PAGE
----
Friday, August 28, 2015

execrable writing

Journalists really need to learn to write better. This sentence, from an article about a Chinese cameraman's collision with fleet-footed Usain Bolt, just makes me cringe:

But his momentary triumphalism, a Jamaican flag draped across his shoulders, was shattered when he failed to outrun a Chinese cameraman riding a Segway, the ubiquitous two wheeled self-propelled scooter, which then crashed into him.

Go ahead: write an improved version of the sentence in the comments.



SJHoneywell said...

Bolt's triumph was short-lived; a Segway-riding Chinese cameraman crashed into him.

It's shorter, clearer, and I think it's funnier, too.

Charles said...

"As his lifeblood ebbed from the gaping wound in his side, Usain bitterly pondered the cruelty of fame and glory. Had he not won the race, the clumsy Chinese cameraman would not have been following him so closely. Had he not been such a supreme specimen of human athleticism, the cameraman might have exercised greater control over the beast, instead of gazing mesmerized at Usain's glistening muscles. But all of his triumphs, all of his victories, they meant nothing now as he lay crumpled on the track, gutted by the vicious Segway, the ubiquitous two wheeled self-propelled scooter with a notorious thirst for human blood. Would he be remembered for his glorious career or as just another statistic, a victim of--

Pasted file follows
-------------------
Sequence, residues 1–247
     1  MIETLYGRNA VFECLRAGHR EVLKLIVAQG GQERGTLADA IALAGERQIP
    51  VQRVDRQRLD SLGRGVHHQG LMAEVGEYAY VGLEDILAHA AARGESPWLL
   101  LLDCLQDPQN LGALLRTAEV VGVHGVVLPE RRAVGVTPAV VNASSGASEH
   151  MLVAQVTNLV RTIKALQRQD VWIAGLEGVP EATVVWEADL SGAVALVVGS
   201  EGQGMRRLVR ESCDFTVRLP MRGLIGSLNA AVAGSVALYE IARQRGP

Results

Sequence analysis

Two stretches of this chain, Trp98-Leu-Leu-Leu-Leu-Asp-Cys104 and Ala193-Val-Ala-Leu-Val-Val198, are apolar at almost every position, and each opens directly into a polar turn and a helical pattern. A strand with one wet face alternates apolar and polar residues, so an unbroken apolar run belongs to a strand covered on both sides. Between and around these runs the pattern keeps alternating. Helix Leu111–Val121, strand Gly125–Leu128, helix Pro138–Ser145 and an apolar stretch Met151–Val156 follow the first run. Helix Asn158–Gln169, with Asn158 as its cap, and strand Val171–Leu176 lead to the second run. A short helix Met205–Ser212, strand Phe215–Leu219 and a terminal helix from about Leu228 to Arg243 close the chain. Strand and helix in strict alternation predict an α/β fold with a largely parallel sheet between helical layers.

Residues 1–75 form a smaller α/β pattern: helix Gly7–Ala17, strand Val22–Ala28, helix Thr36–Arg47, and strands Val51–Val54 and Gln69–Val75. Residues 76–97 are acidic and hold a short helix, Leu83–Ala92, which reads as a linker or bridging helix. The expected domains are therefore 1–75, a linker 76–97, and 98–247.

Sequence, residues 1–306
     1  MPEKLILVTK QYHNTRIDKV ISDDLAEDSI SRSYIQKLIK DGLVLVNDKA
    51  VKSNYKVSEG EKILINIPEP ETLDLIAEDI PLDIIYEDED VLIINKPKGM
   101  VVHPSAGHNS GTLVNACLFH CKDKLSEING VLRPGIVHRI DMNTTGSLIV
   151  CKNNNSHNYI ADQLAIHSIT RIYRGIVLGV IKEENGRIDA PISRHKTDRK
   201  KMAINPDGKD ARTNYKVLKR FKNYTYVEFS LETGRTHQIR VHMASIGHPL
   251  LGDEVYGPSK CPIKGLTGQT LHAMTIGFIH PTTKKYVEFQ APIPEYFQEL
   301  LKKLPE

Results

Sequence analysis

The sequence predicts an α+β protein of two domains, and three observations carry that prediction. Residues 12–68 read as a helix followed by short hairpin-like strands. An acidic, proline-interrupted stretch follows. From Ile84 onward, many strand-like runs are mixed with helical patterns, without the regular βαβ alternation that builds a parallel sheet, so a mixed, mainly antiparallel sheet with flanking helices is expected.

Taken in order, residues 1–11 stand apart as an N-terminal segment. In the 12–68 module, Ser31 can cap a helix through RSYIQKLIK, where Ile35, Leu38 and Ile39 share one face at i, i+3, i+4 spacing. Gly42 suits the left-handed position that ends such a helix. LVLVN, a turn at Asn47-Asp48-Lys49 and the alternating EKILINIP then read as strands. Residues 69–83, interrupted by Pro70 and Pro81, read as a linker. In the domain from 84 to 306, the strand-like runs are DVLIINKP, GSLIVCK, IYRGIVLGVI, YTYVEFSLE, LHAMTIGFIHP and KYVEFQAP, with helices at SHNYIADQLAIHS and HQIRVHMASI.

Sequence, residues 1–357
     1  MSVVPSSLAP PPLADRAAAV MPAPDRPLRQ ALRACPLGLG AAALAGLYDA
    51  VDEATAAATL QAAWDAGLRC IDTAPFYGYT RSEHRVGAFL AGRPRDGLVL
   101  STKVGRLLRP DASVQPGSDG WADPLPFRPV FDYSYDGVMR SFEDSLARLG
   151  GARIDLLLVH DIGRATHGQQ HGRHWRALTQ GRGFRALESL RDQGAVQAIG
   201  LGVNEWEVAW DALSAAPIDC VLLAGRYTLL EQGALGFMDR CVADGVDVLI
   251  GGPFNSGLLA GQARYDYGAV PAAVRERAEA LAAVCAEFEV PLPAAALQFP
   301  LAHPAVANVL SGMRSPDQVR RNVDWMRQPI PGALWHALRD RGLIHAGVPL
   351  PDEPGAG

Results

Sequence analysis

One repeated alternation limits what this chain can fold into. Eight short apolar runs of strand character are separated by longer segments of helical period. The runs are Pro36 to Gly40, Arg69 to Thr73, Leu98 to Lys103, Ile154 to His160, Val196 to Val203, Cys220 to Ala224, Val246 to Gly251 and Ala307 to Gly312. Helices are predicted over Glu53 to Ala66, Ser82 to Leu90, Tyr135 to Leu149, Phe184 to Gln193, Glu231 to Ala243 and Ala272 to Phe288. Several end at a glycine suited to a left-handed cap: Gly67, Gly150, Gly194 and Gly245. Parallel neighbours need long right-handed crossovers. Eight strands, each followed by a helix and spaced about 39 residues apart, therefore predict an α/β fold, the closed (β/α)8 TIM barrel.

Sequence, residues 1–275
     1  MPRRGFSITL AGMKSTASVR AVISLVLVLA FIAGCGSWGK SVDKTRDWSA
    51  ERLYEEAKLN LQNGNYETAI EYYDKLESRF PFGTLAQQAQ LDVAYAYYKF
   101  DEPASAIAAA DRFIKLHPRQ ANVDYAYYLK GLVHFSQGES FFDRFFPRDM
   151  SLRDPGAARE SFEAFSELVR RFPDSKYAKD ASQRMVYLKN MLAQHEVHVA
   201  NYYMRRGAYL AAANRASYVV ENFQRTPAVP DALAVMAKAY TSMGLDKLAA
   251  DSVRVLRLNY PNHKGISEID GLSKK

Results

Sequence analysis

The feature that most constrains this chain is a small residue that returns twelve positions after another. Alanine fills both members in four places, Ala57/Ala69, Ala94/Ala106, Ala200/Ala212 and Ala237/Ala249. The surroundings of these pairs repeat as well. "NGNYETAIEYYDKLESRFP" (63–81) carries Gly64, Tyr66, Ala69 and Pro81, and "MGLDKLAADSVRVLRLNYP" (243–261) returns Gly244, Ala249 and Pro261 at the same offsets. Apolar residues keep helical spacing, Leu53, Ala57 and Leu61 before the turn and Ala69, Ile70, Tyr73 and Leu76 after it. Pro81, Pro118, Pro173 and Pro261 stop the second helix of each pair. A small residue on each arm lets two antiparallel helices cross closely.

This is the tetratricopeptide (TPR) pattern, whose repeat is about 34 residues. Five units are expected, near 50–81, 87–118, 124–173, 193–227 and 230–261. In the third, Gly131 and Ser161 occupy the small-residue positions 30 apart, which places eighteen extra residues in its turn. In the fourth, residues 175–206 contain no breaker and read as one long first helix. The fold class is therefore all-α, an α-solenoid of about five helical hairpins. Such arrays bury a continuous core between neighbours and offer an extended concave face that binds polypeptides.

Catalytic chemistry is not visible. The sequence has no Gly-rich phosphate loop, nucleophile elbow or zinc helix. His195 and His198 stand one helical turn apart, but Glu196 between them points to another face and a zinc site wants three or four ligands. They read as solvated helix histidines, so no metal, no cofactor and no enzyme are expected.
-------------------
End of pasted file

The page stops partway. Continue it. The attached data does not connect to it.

But was where his thoughts ended, for his heart had ceased to beat and his brain had flickered and died. There, in a pool of red blood against the red track, lay the champion, slain by an insatiable beast. Does the hubris of mankind know no bounds?"

OK, so that's more than one sentence. But I still like it better.

Also, Bolt did not "evade" his closest rival. "Evade" means to "avoid" or "escape," and Bolt did neither, since his closest rival was not chasing him. I'm beginning to think that these characters known as Oliver Brown and Gregory Walton might be hacks.

Kevin Kim said...

Amazing. In two comments, we run the gamut from spare prose to purple, veiny prose.

Charles said...

Don't forget "throbbing." Purple, veiny, throbbing prose.

Horace Jeffery Hodges said...

That sentence is so bad that even making it worse would be an improvement.

Jeffery Hodges

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